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Harvard ARTS FIRST Festival Brings Community to Campus

The local community preparing to watch an ARTS FIRST performance in the Plaza Tent in front of the Science Center.
The local community preparing to watch an ARTS FIRST performance in the Plaza Tent in front of the Science Center. By Courtesy of Xander D. Patton
By Xander D. Patton and Taylor S. Johnson, Crimson Staff Writers

All for arts and arts for all. Presented by the Office for the Arts, the Harvard ARTS FIRST Festival is an annual, four day celebration of the visual and performing arts at Harvard College. Every year spawns new acts and representations of art, and this year was no exception. This year’s festival featured an assortment of senior theses, the 28th Harvard First-year Musical “Post Mortem,” a number of public art pieces displayed throughout the Yard, several craft stations in the Science Center Plaza, and so much more. The scale of this event itself represented the time and effort Harvard students, faculty, staff, alumni, and affiliates dedicate to their creative endeavors.

Claudine Gay, the Faculty of Arts and Sciences Dean and Harvard President-elect, attested to the festival’s allure.

“I don’t even know when I started attending ARTS FIRST, it’s been a long time, but every year it’s incredibly inspiring” she said. “It seems to get better every year, if that’s even possible.”

Gay cited the event’s infectious joy as a reason to keep coming back.

“Realizing how much joy the arts bring to not only everyone in the audience but clearly the performers.”

The energy and enjoyment of the arts was impactful and memorable, and something that everyone — not just those affiliated with Harvard College, but the City of Cambridge as a whole — looks forward to each year.

“I just think it’s a great way of bringing our whole community together,” Gay said.

Julia M. Yanez ’24, a Crimson editor, saw this community-building first hand while working on the “Wheel Throwing” exhibit. Here, Yanez and fellow student Maya Peña-Lobel ’24 demonstrated how to create ceramic pieces using a potter’s wheel.

“I wasn’t someone who grew up around having art, so it’s been really nice to be able to pick up ceramics this year, and, now, being able to share that joy with someone else has been really lovely,” Yanez said. “It seems like there’s a lot of really happy faces around here, so it’s nice to be a part of it.”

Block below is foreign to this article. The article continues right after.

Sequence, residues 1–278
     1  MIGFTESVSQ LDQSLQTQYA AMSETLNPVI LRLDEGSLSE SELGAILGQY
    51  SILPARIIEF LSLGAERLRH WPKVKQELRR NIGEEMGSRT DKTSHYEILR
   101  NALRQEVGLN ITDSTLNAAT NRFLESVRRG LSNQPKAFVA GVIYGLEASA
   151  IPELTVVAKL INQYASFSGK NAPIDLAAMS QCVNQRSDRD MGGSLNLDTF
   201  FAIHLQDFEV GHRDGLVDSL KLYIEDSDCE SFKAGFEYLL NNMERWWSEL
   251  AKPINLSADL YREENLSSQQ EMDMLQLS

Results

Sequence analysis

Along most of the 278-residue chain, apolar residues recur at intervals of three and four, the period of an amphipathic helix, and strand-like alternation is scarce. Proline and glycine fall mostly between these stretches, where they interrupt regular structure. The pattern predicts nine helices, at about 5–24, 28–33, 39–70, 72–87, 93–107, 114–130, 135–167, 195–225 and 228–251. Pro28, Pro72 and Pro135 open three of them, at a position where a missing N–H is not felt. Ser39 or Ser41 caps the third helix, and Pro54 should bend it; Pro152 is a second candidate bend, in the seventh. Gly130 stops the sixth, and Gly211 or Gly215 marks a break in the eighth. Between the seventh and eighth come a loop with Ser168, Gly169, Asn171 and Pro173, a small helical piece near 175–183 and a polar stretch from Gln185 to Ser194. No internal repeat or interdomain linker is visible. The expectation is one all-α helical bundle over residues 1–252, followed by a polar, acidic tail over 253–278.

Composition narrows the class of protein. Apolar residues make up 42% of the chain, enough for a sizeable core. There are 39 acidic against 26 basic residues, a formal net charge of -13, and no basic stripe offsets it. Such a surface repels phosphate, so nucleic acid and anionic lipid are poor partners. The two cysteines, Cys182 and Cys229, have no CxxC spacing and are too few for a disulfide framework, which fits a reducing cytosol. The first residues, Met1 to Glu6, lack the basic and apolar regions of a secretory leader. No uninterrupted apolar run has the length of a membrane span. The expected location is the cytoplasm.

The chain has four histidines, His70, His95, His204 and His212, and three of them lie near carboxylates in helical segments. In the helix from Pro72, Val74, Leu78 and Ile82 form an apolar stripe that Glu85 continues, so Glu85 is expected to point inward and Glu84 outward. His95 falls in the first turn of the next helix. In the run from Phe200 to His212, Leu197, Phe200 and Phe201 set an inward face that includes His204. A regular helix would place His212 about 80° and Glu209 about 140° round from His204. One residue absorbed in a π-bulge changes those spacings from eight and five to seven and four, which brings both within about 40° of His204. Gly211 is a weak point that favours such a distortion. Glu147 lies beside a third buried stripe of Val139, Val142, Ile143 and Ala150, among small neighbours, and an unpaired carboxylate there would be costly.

In addition to her work with ceramics, Peña-Lobel also performed with Harvard Fallen Angels acapella group.

“I do Environmental Engineering, and I feel like I don’t get to express the artistic side of myself, or engage with the arts community here on campus or in the larger Cambridge community, so it's really special to promote that and let arts take the center stage,” she said.

Art offers a unique balance and refuge. Both Yanez and Peña-Lobel agreed that this is an event that they would return to next year.

Alexa Albanese, an Administrative Staff Member of the Office for the Arts, defined the Festival as a space to admire, create, and find joy within each other through art.

“This is the culmination of the artwork at the Office of the Arts that we do every year. It's being able to share creativity and art with the community,” she said.

Young children take the stage during the ARTS FIRST Festival.
Young children take the stage during the ARTS FIRST Festival. By Courtesy of Xander D. Patton

Many members in the crowd attended the festival for the first time this year — many came in support of a friend, or roommate who was performing. Regardless of the purpose for being there, the diversity of the artists alongside the diversity in the types of art was apparent to all.

Experiencing such artistic vision sparked confidence among some members of the crowd — in fact, many audience members could be overheard expressing their excitement to return again next year — even as performers.

Much like the events from the festival ignited curiosity and wonder in viewers, the ARTS FIRST Festival sparked a sense of unity across the Harvard community.

—Staff writer Xander D. Patton can be reached at

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